ama-ar-gi:

The raven is sometimes known as “the wolf-bird.” Ravens, like many other animals, scavenge at wolf kills, but there’s more to it than that. Both wolves and ravens have the ability to form social attachments and they seem to have evolved over many years to form these attachments with each other, to both species’ benefit.There are a couple of theories as to why wolves and ravens end up at the same carcasses. One is that because ravens can fly, they are better at finding carcasses than wolves are. But they can’t get to the food once they get there, because they can’t open up the carcass. So they’ll make a lot of noise, and then wolves will come and use their sharp teeth and strong jaws to make the food accessible not just to themselves, but also to the ravens.Ravens have also been observed circling a sick elk or moose and calling out, possibly alerting wolves to an easy kill. The other theory is that ravens respond to the howls of wolves preparing to hunt (and, for that matter, to human hunters shooting guns). They find out where the wolves are going and following. Both theories may be correct.Wolves and ravens also play. A raven will sneak up behind a wolf and yank its tail and the wolf will play back. Ravens sometimes respond to wolf howls with calls of their own, resulting in a concert of howls and calls. Sources: Mind of the Raven, Bernd Heinrich, The American Crow and the Common Raven, Lawrence Kilham 
ama-ar-gi:

The raven is sometimes known as “the wolf-bird.” Ravens, like many other animals, scavenge at wolf kills, but there’s more to it than that. Both wolves and ravens have the ability to form social attachments and they seem to have evolved over many years to form these attachments with each other, to both species’ benefit.There are a couple of theories as to why wolves and ravens end up at the same carcasses. One is that because ravens can fly, they are better at finding carcasses than wolves are. But they can’t get to the food once they get there, because they can’t open up the carcass. So they’ll make a lot of noise, and then wolves will come and use their sharp teeth and strong jaws to make the food accessible not just to themselves, but also to the ravens.Ravens have also been observed circling a sick elk or moose and calling out, possibly alerting wolves to an easy kill. The other theory is that ravens respond to the howls of wolves preparing to hunt (and, for that matter, to human hunters shooting guns). They find out where the wolves are going and following. Both theories may be correct.Wolves and ravens also play. A raven will sneak up behind a wolf and yank its tail and the wolf will play back. Ravens sometimes respond to wolf howls with calls of their own, resulting in a concert of howls and calls. Sources: Mind of the Raven, Bernd Heinrich, The American Crow and the Common Raven, Lawrence Kilham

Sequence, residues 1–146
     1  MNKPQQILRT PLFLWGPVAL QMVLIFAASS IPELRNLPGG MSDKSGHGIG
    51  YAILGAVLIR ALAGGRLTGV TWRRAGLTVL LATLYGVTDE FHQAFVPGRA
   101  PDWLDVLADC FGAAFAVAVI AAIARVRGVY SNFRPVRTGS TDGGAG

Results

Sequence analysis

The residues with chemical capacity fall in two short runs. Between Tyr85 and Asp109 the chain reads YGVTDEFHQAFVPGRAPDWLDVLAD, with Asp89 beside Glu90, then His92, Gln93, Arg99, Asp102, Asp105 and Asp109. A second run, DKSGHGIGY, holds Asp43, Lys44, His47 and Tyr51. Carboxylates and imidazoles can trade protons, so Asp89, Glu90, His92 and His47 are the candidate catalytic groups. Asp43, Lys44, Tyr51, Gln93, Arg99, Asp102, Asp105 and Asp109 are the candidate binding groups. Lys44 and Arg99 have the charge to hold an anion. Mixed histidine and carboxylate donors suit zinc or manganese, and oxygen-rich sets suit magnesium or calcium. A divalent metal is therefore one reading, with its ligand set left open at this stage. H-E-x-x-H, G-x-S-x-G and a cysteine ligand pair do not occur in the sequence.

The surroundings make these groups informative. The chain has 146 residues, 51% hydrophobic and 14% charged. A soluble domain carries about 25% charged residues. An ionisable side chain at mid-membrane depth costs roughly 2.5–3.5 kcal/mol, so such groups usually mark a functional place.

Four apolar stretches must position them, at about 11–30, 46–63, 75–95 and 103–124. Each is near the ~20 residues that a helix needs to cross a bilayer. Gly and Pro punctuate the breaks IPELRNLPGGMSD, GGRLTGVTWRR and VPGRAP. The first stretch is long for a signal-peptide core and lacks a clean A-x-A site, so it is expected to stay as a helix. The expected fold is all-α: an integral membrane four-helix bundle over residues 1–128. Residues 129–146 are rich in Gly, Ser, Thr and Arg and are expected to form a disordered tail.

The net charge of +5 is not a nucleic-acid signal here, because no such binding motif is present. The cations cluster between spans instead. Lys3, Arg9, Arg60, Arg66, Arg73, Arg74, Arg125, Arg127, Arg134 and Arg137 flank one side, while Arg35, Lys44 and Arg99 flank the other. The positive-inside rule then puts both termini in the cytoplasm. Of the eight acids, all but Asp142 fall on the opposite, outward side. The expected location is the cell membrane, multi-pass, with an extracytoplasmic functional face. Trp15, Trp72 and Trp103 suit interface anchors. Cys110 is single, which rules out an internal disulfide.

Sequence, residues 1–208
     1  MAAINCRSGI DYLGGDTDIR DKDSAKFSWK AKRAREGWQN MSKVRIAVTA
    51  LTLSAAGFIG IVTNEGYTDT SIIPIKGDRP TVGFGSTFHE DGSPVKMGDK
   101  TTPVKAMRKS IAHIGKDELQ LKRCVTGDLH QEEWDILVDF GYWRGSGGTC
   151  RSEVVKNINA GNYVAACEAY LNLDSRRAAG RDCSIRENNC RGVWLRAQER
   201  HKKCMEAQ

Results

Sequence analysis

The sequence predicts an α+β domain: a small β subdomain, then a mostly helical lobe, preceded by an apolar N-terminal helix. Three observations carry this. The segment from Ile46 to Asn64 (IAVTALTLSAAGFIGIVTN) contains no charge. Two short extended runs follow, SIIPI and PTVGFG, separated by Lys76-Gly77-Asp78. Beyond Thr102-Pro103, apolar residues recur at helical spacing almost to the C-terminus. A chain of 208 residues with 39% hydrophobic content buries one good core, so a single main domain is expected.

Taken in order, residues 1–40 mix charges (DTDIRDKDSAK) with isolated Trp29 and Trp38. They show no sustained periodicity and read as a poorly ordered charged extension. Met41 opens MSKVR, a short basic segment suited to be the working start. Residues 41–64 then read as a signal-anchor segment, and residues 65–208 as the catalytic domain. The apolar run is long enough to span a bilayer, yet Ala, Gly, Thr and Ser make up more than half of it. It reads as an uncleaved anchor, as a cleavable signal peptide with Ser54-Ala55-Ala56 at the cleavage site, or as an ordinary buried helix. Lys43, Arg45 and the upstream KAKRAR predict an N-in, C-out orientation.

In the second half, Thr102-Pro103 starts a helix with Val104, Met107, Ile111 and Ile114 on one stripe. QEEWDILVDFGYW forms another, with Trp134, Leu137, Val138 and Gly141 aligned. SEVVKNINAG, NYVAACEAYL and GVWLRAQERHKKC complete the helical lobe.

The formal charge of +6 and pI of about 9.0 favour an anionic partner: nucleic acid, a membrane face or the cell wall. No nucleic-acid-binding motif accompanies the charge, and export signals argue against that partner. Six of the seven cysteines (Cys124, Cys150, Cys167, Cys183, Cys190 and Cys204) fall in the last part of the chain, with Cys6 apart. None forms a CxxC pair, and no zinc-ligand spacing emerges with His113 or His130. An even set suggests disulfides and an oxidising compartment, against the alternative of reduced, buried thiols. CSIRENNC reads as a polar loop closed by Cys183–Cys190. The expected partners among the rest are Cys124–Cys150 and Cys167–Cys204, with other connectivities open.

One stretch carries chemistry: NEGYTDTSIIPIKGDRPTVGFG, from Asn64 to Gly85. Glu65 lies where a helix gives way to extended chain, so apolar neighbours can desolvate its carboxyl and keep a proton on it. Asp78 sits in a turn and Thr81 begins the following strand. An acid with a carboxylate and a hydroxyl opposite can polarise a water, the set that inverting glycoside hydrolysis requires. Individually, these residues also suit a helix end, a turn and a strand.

ama-ar-gi:

The raven is sometimes known as “the wolf-bird.” Ravens, like many other animals, scavenge at wolf kills, but there’s more to it than that. Both wolves and ravens have the ability to form social attachments and they seem to have evolved over many years to form these attachments with each other, to both species’ benefit.There are a couple of theories as to why wolves and ravens end up at the same carcasses. One is that because ravens can fly, they are better at finding carcasses than wolves are. But they can’t get to the food once they get there, because they can’t open up the carcass. So they’ll make a lot of noise, and then wolves will come and use their sharp teeth and strong jaws to make the food accessible not just to themselves, but also to the ravens.Ravens have also been observed circling a sick elk or moose and calling out, possibly alerting wolves to an easy kill. The other theory is that ravens respond to the howls of wolves preparing to hunt (and, for that matter, to human hunters shooting guns). They find out where the wolves are going and following. Both theories may be correct.Wolves and ravens also play. A raven will sneak up behind a wolf and yank its tail and the wolf will play back. Ravens sometimes respond to wolf howls with calls of their own, resulting in a concert of howls and calls. Sources: Mind of the Raven, Bernd Heinrich, The American Crow and the Common Raven, Lawrence Kilham 
+
guo-jia:

stunningpicture:

After a lot of rain here in FL these baby frogs appeared. They eerily all faced the same direction.

THE RITUAL HAS BEGUN
+
nourishyouruniverse:

Wanna live here pls
+
relahvant:

asktheteamofscientists:

hobgoblinhero:

danadies:

yes-master-thank-you-master:

The Kum and Go. Or as my mom called it, the ejaculate and evacuate.

Jizz and jet

shoot and scoot

blow your load and hit the road


bust ya nut and off ya strut
+
upworthy:

Some Words Are Up To No Good, Even If They Seem Harmless. Think It’s Time To Get Rid Of These?
upworthy:

Some Words Are Up To No Good, Even If They Seem Harmless. Think It’s Time To Get Rid Of These?
upworthy:

Some Words Are Up To No Good, Even If They Seem Harmless. Think It’s Time To Get Rid Of These?
upworthy:

Some Words Are Up To No Good, Even If They Seem Harmless. Think It’s Time To Get Rid Of These?
upworthy:

Some Words Are Up To No Good, Even If They Seem Harmless. Think It’s Time To Get Rid Of These?
upworthy:

Some Words Are Up To No Good, Even If They Seem Harmless. Think It’s Time To Get Rid Of These?